Remember when Armageddon and Deep Impact came out in the same year and it was tough to remember which was which? Or what about when Dante’s Peak came out the same year as Volcano? The coincidental releases of widely-released movies leading to confusion can also happen with independent movies at film festivals, if you can believe it. For example, at SXSW, there were two different neo-noir films that starred Robert Forrester, with one being named “Small Crimes” and the other being named “Small Town Crime.” HOW THE HELL DID THIS HAPPEN?! Another example would be This Is Your Death and Game of Death, which both took place in not-too-distant futures that featured people competing to kill themselves for the entertainment of others. Sadly, I am stupid and saw This Is Your Death after confusing a photo I saw for Game of Death and was excited to watch this movie. Double sadly, this film was a bizarre melodrama featuring normally skilled actors struggling to polish the turd of a movie.
Oh, right, James Franco is also in this movie for one scene!
When a woman is rejected on a Bachelor-type of show, she shoots her suitor and then turns the gun on herself. The show’s host, Adam (Josh Duhamel), has a career crisis about how awful society is that audiences seemed to enjoy the carnage. The network’s executive, Ilana (Famke Janssen), wants to exploit future suicides for ratings. Adam disagrees with having any part of it, until he goes for a job and sees a girl ribbon dancing for ten minutes, which causes him to think, “Wait, maybe that IS a good idea!” Adam “flips the script” on Ilana during the show’s first episode, encouraging audiences to pledge money to the people who kill themselves on-air. The show becomes incredibly popular and Adam totally thinks suicide is awesome, while Mason (Giancarlo Esposito) struggles to support his family and considers participating in the show. I don’t want to spoil too much, but I’ll say that weeks later, I can still barely unravel the nonsense of this movie and its attempt to provide commentary on reality TV consumption.
Man oh man, I sure hope both guns work!
Yup, you read that right, there’s a scene where a character completely changes his outlook on whether or not suicides should be broadcast because he watches a girl dancing with a ribbon. Were this film to have starred slightly less talented actors, it would for sure be a complete turd, but something about these performances selling the cheesy dialogue kept me just entertained enough to question why the hell anyone would sign on for this. There were moments here and there where I thought the film was going to go in some interesting directions with its message of consuming human misery as entertainment, and then the film would completely veer away from where I wanted it to go. THERE’S JUST SO MUCH NONSENSE. One “contestant” kills themselves by jumping into a giant pool full of acid. THIS SOUNDS LIKE THE ABSOLUTELY MOST PAINFUL DEATH IMAGINABLE. Why on earth would anyone do this?! Also, another character, who was a dancer diagnosed with ALS, does an elaborate ballet routine then culminates with him shooting himself in the head with two different guns. Yup, he puts two guns to his head, and pulls the triggers. Is that not weird enough for you? What about a character whose arc is that they’re seemingly depressed while their brother pays for their entire lifestyle, but is so ashamed of their brother, they decide to get hard into drugs and becomes suicidal just to teach their brother a lesson? Or maybe a scene where a man calls his family, who he hears bicker when they answer the phone because the kids are too excited, listens to his family for three full minutes, only for the family to hang up before ever saying, “Hello?” THAT’S NOT HOW PEOPLE USE PHONES. Goddammit, this was nonsense.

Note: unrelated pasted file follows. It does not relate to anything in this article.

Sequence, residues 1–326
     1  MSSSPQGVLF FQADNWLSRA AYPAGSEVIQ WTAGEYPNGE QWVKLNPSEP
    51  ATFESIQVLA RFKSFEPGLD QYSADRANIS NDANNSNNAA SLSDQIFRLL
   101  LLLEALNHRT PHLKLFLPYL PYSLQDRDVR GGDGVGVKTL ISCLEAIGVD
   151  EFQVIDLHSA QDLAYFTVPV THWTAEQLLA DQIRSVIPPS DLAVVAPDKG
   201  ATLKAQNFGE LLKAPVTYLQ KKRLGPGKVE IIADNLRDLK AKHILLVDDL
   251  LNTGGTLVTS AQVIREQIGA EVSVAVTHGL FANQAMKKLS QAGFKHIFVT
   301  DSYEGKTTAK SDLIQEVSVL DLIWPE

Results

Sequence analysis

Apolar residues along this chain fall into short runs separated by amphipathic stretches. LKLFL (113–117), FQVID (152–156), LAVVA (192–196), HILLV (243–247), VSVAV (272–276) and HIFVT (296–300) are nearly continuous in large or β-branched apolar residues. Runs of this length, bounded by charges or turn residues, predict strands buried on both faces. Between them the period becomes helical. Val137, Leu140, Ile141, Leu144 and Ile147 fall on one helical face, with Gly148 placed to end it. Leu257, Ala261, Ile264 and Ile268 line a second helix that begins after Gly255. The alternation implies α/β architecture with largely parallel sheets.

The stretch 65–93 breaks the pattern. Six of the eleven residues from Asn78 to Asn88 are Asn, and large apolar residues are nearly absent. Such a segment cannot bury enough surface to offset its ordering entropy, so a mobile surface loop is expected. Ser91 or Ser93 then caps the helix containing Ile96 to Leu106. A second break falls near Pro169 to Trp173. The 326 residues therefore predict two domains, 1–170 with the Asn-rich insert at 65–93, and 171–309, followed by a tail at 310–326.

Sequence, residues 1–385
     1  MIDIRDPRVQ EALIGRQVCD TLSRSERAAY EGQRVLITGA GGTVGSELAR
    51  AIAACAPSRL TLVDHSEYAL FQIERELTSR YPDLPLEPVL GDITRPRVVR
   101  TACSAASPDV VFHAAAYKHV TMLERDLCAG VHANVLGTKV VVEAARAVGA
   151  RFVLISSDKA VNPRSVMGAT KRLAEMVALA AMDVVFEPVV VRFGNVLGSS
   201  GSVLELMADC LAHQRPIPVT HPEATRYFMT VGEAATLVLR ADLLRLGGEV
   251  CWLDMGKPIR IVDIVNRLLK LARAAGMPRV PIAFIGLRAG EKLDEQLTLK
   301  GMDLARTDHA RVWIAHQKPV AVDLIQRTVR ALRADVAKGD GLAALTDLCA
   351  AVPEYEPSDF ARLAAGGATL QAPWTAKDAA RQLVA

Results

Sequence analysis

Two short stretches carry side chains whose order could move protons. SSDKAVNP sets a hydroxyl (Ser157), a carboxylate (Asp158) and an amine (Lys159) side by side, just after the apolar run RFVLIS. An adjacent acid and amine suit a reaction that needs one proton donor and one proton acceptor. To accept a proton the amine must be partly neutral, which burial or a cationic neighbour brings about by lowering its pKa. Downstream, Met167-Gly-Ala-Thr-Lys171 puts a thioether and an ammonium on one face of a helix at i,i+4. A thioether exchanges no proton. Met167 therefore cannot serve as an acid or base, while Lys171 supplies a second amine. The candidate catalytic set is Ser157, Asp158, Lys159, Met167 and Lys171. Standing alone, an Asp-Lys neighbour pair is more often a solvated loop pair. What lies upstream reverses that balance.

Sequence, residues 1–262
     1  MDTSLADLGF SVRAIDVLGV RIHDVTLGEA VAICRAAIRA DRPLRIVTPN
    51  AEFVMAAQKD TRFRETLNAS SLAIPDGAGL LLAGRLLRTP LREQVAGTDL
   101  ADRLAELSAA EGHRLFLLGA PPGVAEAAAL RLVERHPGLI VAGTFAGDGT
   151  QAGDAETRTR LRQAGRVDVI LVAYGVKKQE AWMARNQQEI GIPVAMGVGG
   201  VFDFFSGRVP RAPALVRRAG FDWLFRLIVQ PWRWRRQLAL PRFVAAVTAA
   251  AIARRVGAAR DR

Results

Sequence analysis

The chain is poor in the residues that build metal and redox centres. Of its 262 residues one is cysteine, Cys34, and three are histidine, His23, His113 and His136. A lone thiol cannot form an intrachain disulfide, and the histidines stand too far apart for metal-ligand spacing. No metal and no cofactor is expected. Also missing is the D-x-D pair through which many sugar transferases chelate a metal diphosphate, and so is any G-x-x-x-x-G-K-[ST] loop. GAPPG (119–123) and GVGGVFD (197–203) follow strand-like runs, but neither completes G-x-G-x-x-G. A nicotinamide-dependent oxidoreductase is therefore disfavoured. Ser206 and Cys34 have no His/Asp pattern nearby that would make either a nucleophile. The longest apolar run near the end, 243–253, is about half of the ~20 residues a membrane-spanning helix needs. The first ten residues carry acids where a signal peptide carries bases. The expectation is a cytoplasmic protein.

Poor Mason, I sure hope your family learns how to use the phone someday.
Conceptually, I’m on board with this movie. If you told me the concept, I’d say, “That sound like Running Man: Origins.” In that regard, the film totally works! I could see a society where this type of game show would exist and eventually lead to a dystopia where people are encouraged to kill one another for pure entertainment value, but those are some pretty intense ideas. Running Man was far enough in the future and had a silly enough premise that it could lean into the absurdity in a way that it was humorous, but tonally, This Is Your Death felt like EDtv. I couldn’t tell if I was laughing because of how hokey some sequences were or if the scenes were intentional mocking a film you’d see on Lifetime. Here’s hoping that This Is Your Death becomes a new cult classic, not like other sci-fi dystopic movies, but like The Room, in which you can’t believe any human would ever act the way they did in this movie. Oh yeah, and did I mention that most of the plot and character choices were set in motion thanks to ribbon dancing?
Wolfman Moon Scale